Significant Rain Expected Mid-Week Followed by Possible Snow Flurries? - LCRA Significant Rain Expected Mid-Week Followed by Possible Snow Flurries? - LCRA


Following a nearly picture-perfect weekend, clouds and moisture made a quick return off the Gulf of Mexico Sunday night.  The sky is forecast to remain cloudy to mostly cloudy across the Hill Country and Central Texas regions this afternoon and tonight.  There will be a slight chance for a few spotty rain showers, but no significant rain is expected.  The sky will be partly cloudy sky the coastal plains region this afternoon, turning cloudy overnight.  Today’s high temperature will range from the lower 60s across the northern Hill Country to the upper 60s across Central Texas to the low and mid-70s near the coast.  Lows Tuesday morning will be in the 50s.

Tuesday’s weather will feature a mostly cloudy sky as moisture continues to stream inland ahead of a large trough of low pressure located over the Desert Southwest and northwestern Mexico.  There will be a 20-30 percent chance for some scattered light rain showers throughout the day across the region, but rain amounts should total less than a tenth of an inch.  Southeasterly breezes will increase to 10-15 mph in the afternoon.  Occasional gusts to 30 mph will be possible.  High temperatures will be in the upper 60s to low 70s.  Lows Wednesday morning will be in the low 60s.

A very active period of weather is forecast to take place Wednesday into Thursday as the upper trough over the southwest tracks east across Texas.  In advance of the trough, a strong Canadian cold front is predicted to sink south across our region Wednesday morning into Wednesday afternoon.  Increasing atmospheric moisture and a favorable thermodynamic profile in the atmosphere will lead to an increasing chance for rain and thunderstorms across the Hill Country Wednesday morning, with the activity spreading east across Central Texas and the coastal plains region in the afternoon.  Some of the storms may be strong to severe for areas along and east of Interstate 35 Wednesday afternoon.  The primary severe weather threats will be large hail and damaging downburst winds.  The Storm Prediction Center has placed the Interstate 35 corridor and areas to the east under a Marginal Risk (1 out of 5 risk) for severe thunderstorms through Wednesday evening.

Moderate to occasionally heavy rain will be possible along and behind the cold front Wednesday morning and Wednesday afternoon.  Rainfall intensity should decrease from west to east late Wednesday afternoon into Wednesday evening.  Rainfall amounts over this period are forecast to average between 0.5 and 1 inch across the western and central Hill Country.  For the eastern Hill Country, Central Texas and the middle Texas coast, totals are forecast to average between 1 and 2 inches.  Some isolated heavier totals will be possible for the coastal plains region.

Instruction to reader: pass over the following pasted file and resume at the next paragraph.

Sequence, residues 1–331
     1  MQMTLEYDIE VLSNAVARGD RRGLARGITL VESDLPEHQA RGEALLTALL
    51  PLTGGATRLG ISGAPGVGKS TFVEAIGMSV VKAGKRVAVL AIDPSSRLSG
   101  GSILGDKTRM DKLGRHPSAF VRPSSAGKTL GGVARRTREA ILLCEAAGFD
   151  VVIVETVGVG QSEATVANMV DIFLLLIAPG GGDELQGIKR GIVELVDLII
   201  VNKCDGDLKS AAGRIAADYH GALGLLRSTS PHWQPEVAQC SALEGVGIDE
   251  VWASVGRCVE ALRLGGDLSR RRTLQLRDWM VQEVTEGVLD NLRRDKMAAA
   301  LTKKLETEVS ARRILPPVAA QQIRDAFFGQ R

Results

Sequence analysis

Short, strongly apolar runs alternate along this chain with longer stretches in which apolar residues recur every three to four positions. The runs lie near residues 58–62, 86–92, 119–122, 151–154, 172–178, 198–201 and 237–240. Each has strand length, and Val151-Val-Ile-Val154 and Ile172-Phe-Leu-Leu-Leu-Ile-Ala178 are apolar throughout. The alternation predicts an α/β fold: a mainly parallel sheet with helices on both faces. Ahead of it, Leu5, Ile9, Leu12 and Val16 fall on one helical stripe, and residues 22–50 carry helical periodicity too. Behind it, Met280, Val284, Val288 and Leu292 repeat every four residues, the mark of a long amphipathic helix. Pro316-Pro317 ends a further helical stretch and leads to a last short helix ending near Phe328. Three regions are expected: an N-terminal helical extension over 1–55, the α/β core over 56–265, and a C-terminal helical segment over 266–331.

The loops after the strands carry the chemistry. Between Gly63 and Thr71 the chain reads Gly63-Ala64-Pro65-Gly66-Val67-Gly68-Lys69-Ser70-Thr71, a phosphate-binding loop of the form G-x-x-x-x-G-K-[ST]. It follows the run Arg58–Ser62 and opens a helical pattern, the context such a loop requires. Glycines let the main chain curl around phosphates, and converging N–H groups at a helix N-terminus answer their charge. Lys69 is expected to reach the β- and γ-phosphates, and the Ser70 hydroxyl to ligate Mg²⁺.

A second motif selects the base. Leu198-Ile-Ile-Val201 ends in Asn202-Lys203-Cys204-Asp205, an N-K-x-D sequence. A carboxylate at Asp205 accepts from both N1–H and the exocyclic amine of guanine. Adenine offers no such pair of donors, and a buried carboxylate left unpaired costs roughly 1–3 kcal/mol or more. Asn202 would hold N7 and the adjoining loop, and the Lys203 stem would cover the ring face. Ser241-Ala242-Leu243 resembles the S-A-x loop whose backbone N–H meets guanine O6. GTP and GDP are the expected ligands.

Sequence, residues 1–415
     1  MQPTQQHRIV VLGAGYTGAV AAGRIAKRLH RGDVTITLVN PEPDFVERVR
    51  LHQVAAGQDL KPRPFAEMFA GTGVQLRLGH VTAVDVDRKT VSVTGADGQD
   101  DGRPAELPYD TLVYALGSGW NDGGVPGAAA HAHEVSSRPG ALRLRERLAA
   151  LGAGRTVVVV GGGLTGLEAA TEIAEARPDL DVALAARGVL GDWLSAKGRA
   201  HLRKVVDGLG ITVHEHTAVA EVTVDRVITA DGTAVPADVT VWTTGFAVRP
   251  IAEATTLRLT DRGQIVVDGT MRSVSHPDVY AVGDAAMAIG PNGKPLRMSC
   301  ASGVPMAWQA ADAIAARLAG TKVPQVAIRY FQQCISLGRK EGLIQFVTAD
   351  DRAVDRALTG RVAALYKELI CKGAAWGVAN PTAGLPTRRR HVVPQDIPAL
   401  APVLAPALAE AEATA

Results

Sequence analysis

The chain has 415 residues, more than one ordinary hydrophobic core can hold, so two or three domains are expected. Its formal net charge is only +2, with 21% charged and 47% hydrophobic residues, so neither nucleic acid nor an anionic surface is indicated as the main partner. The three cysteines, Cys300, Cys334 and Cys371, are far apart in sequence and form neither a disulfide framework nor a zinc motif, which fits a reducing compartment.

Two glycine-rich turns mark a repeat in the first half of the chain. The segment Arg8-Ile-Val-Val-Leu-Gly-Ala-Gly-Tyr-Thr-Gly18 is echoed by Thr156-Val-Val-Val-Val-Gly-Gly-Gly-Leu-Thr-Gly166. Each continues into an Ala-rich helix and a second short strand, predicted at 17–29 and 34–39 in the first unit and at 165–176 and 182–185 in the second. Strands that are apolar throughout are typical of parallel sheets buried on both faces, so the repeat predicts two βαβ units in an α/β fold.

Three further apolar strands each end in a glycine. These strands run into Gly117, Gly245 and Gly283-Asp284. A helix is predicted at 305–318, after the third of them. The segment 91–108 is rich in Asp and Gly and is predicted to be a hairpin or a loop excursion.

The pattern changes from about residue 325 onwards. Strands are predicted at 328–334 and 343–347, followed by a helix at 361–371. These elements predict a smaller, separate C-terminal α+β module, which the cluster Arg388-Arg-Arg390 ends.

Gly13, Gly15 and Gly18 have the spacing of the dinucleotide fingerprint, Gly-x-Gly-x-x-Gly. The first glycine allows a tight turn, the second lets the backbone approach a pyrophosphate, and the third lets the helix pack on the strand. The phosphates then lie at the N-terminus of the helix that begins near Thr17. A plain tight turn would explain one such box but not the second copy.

NWS Rainfall Forecast for the Period 7 am Monday through 7 am Saturday:

The temperature will turn colder Wednesday afternoon as the cold front pushes southeast across the region.  Readings in the 60s Wednesday morning will fall into the 50s and 40s during the afternoon.

A Threat of Snow for the Hill Country and the Interstate 35 Corridor Wednesday night into Thursday Afternoon

Forecasts call for the upper trough to remain to over northern Mexico and southern New Mexico late Wednesday into Thursday.  The trough is not expected to push east of our region until Thursday night.  With the cold front to our south, a pattern of overrunning light precipitation is forecast to set up across the region.  The latest forecasts indicate the atmosphere will be cold enough for the development of a rain/snow mixture across parts of the Hill Country and possibly as far east as the Interstate 35 corridor, including Austin Wednesday night through Thursday afternoon.  At the surface, the temperature is predicted to stay above freezing, so little to no accumulation is expected.  It is too early to tell if there will be any impacts to roads or travel, especially along and west of Interstate 35.  Overall, the confidence for snow is low at this time.

And with temperatures stay above freezing, no ice is expected.  Lows Thursday morning will be in the low 30s across the Hill Country, the mid-30s across Central Texas and the low 40s towards the coast.  High temperatures Thursday will be mainly in the low to mid-40s and be near 50 degrees towards the coast.

The precipitation is forecast to end from west to east late Thursday afternoon, with the sky clearing Thursday evening.  A freeze is forecast at most locations Friday morning.  Lows Friday morning will include the low and mid-20s Hill Country, the upper 20s to 30 degrees Central Texas and the lower 30s coastal plains.  New Year’s Day weather will be sunny and cool with high temperatures in the low and mid-50s.

Sunny, dry and cool weather is forecast Saturday and Sunday.  Lows Saturday morning will be near or below freezing.  Lows Sunday morning will be mostly in the 30s.  High temperatures will be in the 50s Saturday, warming to the low 60s Sunday.

The outlook for next week calls for the weather to stay sunny and dry.  High temperatures will be in the 60s with lows in the 40s.

Bob